The gamble: Norwich were five points clear of the relegation zone with five games remaining when Chris Hughton was sacked amid a poor run of form and fan unrest.
The result: Disaster. Youth coach Neil Adams came in and the Canaries took just one point from the next four games. They went into the last match of the season needing to beat Arsenal, hoping West Brom lost to Stoke and also needing a 17-goal swing. The Baggies did lose but Norwich lost 2-0 and were relegated.
What happened next? Adams lasted until the following January when he was replaced by Alex Neil, who won promotion via the play-offs. The Canaries went straight back down and are 14th in the Championship under Daniel Farke, who replaced Neil’s successor Alan Irvine. Hughton’s Brighton are 11th in the Premier League and look on course for safety.
Southampton – What do you think?
We asked for your views on Southampton’s plight – here’s a selection from #bbcfootball. Have your say in the comments below.
Dr Barry Gale, Southampton: Give it to Hughes until the end of the season. Bags of Premier League experience, played for Saints, owns a decent hairdryer, and already got a red and white tie.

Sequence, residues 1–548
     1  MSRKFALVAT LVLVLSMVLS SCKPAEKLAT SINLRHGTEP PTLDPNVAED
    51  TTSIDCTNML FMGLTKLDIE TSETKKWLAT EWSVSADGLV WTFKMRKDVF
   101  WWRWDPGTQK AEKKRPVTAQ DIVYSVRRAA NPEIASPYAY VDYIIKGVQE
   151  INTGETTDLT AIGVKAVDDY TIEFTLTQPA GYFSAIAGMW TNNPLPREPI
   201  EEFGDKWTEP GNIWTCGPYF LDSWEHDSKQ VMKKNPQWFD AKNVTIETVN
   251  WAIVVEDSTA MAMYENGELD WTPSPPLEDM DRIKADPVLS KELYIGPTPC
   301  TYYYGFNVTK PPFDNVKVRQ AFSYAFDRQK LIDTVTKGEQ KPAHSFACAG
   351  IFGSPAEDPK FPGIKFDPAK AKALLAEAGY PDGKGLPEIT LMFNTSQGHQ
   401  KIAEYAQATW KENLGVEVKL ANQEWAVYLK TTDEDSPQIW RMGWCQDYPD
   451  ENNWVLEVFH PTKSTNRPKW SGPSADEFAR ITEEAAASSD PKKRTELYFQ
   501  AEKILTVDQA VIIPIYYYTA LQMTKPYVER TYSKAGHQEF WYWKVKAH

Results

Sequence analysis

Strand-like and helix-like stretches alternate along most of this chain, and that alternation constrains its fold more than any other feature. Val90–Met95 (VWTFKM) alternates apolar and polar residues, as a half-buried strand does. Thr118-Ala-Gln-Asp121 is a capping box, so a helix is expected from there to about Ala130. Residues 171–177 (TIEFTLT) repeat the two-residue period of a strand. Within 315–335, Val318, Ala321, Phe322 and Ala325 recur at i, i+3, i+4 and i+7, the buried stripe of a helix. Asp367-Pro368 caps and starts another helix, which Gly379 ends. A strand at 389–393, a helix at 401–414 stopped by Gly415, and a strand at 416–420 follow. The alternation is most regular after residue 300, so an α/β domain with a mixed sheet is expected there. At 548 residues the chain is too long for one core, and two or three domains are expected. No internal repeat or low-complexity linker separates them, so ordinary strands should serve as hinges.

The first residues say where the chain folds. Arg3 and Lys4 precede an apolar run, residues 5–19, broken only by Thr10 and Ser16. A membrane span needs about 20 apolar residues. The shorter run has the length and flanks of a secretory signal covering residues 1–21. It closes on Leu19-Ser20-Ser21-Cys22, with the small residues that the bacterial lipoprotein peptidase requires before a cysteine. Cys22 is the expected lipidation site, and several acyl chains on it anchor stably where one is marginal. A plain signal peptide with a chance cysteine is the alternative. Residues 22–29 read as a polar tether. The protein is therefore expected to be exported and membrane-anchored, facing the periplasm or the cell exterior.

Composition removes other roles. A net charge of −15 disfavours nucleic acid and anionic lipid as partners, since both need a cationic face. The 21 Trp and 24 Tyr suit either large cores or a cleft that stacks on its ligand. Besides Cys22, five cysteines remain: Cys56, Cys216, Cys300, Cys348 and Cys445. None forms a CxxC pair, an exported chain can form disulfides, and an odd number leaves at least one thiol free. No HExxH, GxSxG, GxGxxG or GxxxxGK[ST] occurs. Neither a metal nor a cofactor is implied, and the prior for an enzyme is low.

Mark Davies: Southampton do not need a manager, they need a firefighter. Two come to mind, one manages Everton and the other manages Middlesbrough. Oops!
Adam, Southampton: I’m afraid Saints future is decided already with only eight games left. He should’ve gone in January before we lost the players as well as the fans.
David: Pellegrino should have gone months ago, we would 100% have gone down if he’d stayed in charge, makes sense to gamble with a new manager, they can’t do any worse!
Ade Reynolds: From November it was obvious we’d be relegated under Pellegrino. Still had a decent squad, but everyone was off form, bemused by his tactics and sick of the cowardly approach to football.